Anal Cancer: Chemotherapy
What is chemotherapy?
Chemotherapy (chemo) uses anticancer medicines to kill cancer cells. The medicines are made to attack and kill cancer cells that grow quickly. Some normal cells also grow quickly. Because of this, chemo can also harm those cells. This can cause side effects.
For this treatment, you’ll see a medical oncologist. This is a doctor who specializes in using medicines to treat cancer. For anal cancer, your doctor is likely to give you more than one medicine. This is called combination chemotherapy.
When might chemotherapy be used for anal cancer?
Chemo at the same time as radiation is called chemoradiation. This is often the first treatment for anal cancers that have not spread to other parts of the body. In some cases, it can cure the cancer without surgery. If chemoradiation doesn’t destroy the cancer, you may need more chemo.
Sometimes chemoradiation is given after surgery. This is done to help kill any cancer cells that may be left in your body. This can help lower the chance that the cancer will come back later.
Chemo is used if the anal cancer has spread to distant parts of your body. This can include your lungs or liver. This can help keep the cancer from growing, slow its growth, or ease problems the tumor is causing.
How is chemotherapy given for anal cancer?
You most likely will get chemo by IV (intravenously) into a vein. But some chemo medicines are taken as pills. Chemo is a systemic treatment. This means the medicines travel all through your body in your bloodstream. Most people with anal cancer get chemo in an outpatient part of the hospital or at their healthcare provider’s office. In rare cases, depending on your health or the medicines you get, you may need to stay in the hospital during treatment.
Chemo is given in cycles. This means you’re treated with chemo for a period of time. And then you have a rest period. Each treatment and rest period make up one cycle. You'll likely have more than one cycle of treatment. Your healthcare provider will explain what your treatment plan will be and what you can expect. The length of each treatment period and the number of cycles differ depending on the type of medicines you get. Monthly treatments are common. But sometimes chemo is given more often.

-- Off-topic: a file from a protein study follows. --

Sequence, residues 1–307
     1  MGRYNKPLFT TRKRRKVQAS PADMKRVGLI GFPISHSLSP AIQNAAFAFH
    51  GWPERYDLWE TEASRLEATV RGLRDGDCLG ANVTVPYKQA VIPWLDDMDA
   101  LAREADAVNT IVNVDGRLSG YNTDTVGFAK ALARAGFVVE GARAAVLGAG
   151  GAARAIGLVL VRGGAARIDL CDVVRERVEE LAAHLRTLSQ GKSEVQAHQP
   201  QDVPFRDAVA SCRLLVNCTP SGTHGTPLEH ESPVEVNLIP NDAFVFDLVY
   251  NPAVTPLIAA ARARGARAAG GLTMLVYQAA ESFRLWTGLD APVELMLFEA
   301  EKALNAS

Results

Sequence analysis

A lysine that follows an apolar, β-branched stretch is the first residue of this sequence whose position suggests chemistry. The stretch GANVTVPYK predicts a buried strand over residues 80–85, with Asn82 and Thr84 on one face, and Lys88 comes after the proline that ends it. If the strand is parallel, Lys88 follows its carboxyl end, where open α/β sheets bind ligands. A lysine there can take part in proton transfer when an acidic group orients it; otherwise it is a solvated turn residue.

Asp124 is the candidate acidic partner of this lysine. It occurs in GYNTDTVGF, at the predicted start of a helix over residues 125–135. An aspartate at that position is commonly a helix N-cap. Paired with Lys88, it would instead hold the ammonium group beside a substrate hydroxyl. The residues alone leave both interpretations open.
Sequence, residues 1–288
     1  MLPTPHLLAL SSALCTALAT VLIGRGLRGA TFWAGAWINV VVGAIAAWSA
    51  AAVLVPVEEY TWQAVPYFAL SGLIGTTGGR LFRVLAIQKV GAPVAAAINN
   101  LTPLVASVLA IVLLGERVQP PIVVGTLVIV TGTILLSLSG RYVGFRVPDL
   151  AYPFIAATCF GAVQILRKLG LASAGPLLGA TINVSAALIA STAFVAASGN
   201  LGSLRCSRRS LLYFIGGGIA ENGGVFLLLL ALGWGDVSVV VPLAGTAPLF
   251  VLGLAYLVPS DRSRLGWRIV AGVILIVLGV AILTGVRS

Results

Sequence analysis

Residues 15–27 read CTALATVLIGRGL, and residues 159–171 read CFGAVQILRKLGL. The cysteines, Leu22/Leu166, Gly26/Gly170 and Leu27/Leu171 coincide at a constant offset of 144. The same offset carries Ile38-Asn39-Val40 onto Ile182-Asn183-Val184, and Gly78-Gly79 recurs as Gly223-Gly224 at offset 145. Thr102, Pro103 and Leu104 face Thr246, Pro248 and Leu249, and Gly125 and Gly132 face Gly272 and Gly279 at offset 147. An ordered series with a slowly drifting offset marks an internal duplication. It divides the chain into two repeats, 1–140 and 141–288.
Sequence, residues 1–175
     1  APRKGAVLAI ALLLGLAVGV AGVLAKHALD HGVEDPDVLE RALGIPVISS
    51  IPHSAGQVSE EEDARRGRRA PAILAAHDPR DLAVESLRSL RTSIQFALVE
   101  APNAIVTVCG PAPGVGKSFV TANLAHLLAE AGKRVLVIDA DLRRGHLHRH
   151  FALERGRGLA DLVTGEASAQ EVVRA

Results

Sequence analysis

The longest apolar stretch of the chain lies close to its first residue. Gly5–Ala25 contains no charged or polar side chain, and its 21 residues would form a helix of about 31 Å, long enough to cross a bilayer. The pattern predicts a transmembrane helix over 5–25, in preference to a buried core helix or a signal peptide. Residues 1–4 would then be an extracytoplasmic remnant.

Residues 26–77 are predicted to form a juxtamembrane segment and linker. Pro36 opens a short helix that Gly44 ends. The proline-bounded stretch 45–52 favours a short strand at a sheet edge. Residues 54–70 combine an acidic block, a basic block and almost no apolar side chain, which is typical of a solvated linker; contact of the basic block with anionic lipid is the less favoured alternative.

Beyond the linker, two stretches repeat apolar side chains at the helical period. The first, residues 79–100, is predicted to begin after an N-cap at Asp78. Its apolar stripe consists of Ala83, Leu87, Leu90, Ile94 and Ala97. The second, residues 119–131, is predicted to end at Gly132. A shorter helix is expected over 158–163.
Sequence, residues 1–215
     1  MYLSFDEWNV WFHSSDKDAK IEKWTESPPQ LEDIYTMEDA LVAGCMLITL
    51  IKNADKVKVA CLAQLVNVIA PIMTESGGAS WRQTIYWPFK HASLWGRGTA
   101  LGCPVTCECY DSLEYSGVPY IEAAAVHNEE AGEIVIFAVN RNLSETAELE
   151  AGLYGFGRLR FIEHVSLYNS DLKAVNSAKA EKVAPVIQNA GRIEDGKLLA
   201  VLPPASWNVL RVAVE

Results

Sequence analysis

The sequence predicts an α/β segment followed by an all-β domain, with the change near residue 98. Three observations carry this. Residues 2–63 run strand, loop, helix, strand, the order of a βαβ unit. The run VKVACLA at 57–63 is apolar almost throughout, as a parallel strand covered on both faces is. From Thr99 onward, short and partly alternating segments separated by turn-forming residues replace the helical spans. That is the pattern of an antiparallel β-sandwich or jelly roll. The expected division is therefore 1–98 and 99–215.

Some of the IV chemo medicines used for anal cancer go into your bloodstream over a short period of time. But some medicines are given as a nonstop infusion over a few days. The medicine is controlled by a small pump that's connected to your IV by a tube that carries the chemo into your blood. If you get chemo this way, you’ll need to have a vein (venous) access device or an indwelling catheter. A catheter is a thin, flexible tube. The catheter is a device that's put through your skin into a large vein. It stays in place between cycles so that you don't have a new IV put in each time you get treatment. It might be in your upper chest or your arm. Your healthcare team will talk with you about if you need one, the type that might be best for you, and the risks and benefits of these devices.
What are common chemotherapy combinations used to treat anal cancer?
These are the main chemo medicine combinations used along with radiation to treat anal cancer:
Some of the medicine combinations used to treat anal cancer that has spread beyond the anus are:
5-FU and cisplatin
Oxaliplatin, Leucovorin, and 5-FU
Carboplatin and paclitaxel
What are common side effects of chemotherapy for anal cancer?
Chemo affects both normal cells and cancer cells. Side effects depend on the type and amount of medicines you take. Ask your healthcare provider which side effects you should watch for. Common side effects can include:
Tiredness and lack of energy (fatigue)
Nausea and vomiting
Loss of appetite
Low blood cell counts
Easy bleeding or bruising
Numbness or tingling in fingers and toes
Most side effects go away or get better between treatments. They will go away over time after treatment ends. You may also be able to help control some of these side effects. Some can even be prevented. Tell your healthcare providers about any side effects you have. They can help you manage your symptoms.
Working with your healthcare provider
It's important to know which medicines you're taking. Write your medicines down. Ask your healthcare team how they work and what side effects they might have.
Talk with your healthcare providers about what signs to look for and when to call them. For example, chemo can make you more likely to get infections. Know what number to call with questions. Is there a different number for evenings and weekends?
It may be helpful to keep a diary of your side effects. Write down physical, thinking, and emotional changes. A written list will make it easier for you to remember your questions when you go to your appointments. It will also make it easier for you to work with your healthcare team to make a plan to manage your side effects.